Practice Acquisitions By Hospitals Causing Issues with EHR Adoption

Posted on October 28, 2011 I Written By

John Lynn is the Founder of the blog network which currently consists of 10 blogs containing over 8000 articles with John having written over 4000 of the articles himself. These EMR and Healthcare IT related articles have been viewed over 16 million times. John also manages Healthcare IT Central and Healthcare IT Today, the leading career Health IT job board and blog. John is co-founder of and John is highly involved in social media, and in addition to his blogs can also be found on Twitter: @techguy and @ehrandhit and LinkedIn.

The readers of EMR and HIPAA have been incredible lately in sending in great commentary on the EMR industry. The following is one such commentary about the issues associated with the now widely seen trend of Hospitals acquiring practices. The person asked to remain anonymous and for the names of the specific EHR vendors to be removed. I agreed since I think the trend is more important than the specific companies.

One trend that I find extremely (and personally) troublesome is the migration from homegrown EMR’s to less functional Hospital based EMR’s – a migration that is occurring frequently now that most small practices are being purchased by Hospitals.

In our case, our small hospital administration decided unilaterally (without MD input) to implement a poorly designed EMR from it’s IT vendor. This has been a colossal failure, as none of the doctors were able to use the EMR. Hospitals are easily seduced by their IT vendors, and think that they can have only one software vendor. They think that all EMR’s are basically the same, either a Ford or a Chevy mentality. They don’t want the docs interfering with the decision process. They don’t have any idea of information and work flow in a doctor’s office. And now they are getting ARRA stimulus funds, and sometimes grant money from local endowments.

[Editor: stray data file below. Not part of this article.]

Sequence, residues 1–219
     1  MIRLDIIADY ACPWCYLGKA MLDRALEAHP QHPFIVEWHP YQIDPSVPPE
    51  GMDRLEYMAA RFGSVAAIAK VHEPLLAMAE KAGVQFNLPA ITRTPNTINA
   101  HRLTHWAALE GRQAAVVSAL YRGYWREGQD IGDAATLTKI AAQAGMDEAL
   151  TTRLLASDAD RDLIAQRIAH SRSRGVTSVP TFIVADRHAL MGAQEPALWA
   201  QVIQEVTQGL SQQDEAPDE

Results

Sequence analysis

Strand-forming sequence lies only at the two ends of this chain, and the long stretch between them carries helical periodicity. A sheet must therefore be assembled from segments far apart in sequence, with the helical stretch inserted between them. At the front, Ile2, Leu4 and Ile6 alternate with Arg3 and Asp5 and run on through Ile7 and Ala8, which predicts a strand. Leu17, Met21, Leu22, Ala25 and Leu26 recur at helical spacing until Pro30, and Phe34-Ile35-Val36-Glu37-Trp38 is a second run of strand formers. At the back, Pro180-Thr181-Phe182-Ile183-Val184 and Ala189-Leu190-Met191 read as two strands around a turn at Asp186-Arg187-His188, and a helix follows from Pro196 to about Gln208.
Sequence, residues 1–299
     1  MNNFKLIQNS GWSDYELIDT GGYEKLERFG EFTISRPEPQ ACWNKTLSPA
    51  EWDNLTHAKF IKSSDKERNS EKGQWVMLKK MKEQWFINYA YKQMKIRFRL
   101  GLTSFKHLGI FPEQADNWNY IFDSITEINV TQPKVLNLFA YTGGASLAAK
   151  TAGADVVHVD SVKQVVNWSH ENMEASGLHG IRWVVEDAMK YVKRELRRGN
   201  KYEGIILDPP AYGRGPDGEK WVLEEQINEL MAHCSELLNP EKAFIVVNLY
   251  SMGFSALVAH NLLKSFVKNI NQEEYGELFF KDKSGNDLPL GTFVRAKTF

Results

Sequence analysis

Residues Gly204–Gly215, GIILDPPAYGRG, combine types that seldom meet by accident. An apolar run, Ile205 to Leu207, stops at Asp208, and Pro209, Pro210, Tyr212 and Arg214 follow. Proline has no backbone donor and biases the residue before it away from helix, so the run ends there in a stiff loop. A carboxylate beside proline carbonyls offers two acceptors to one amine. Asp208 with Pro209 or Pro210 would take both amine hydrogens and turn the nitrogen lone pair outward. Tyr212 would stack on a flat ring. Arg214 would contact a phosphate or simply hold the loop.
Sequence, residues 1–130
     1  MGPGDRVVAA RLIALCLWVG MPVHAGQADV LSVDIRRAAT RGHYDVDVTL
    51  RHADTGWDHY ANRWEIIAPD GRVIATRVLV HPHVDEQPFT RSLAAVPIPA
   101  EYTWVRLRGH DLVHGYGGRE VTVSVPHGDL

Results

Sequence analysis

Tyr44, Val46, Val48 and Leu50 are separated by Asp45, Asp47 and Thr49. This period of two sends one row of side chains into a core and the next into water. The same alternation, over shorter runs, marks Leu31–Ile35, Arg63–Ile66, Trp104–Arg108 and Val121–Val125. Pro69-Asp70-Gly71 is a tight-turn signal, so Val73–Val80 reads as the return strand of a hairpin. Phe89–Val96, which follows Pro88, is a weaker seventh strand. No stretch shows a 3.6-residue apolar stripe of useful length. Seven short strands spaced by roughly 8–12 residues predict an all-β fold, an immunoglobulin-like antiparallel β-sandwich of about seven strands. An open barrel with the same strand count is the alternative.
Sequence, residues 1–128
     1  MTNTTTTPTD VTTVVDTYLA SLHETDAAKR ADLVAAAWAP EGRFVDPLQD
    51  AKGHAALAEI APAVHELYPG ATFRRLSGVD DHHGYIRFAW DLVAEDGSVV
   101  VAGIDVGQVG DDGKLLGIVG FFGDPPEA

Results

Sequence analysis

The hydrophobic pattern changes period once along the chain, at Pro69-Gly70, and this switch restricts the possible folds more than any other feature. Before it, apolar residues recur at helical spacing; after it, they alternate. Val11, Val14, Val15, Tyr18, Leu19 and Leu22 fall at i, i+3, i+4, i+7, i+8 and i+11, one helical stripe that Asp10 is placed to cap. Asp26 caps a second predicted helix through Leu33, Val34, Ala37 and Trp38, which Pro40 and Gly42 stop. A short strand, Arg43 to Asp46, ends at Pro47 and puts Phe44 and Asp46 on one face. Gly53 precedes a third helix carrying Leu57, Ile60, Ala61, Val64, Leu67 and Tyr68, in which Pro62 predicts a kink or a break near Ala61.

We doctors have asked that administration find us one practice that is successfully using the EMR they selected. I think they found 1 doctor 1,300 miles away who was able to make it tolerable. The hospital EMR is CHIT certified, so that doesn’t mean much. Hospital Software vendors have quickly tacked together some sloppy EMR’s in order to save their customer base, and have easily deceived administrators into buying these inferior products.

Our administration has pulled back from implementation, just having us use the scheduler, nursing putting in vitals/meds, and we just enter the ICD-9’s and charges. But another push to MU is coming soon. I have told admin that they must cut my daily schedule from 20 to 10 patients per day. I think that the ARRA stimulus funds and this whole Medicare push for EMR is having a negative effect so far, as least for me. I was using [EMR Vendor] (and still am unilaterally) to organize my data, and generate notes. It’s light years ahead of the EMR the software vendor selected.

I have heard my story repeated many times. The trend of Hospital owned practices may be inevitable, but it has severe negative consequences for EMR, in my opinion.

John’s Comments: While I don’t necessarily agree with the broad ranging comments about administrators not caring or listening to doctors, I’ve heard it far too many times to disagree completely. There’s little doubt from my experience that many hospitals don’t do a great job listening to doctors in selecting an EMR software. However, I’ve also seen many doctors who are terrible to work with when it comes to any discussion of an EMR. So, let’s not kid ourselves into thinking that the doctors are completely blameless either.

One important point that is made is that doctors like using EMR software that they select. As more and more hospitals acquire practices, this issue is going to come to a head. I won’t be surprised if it’s actually a major part of the reason that the cycle of independent doctors starts again.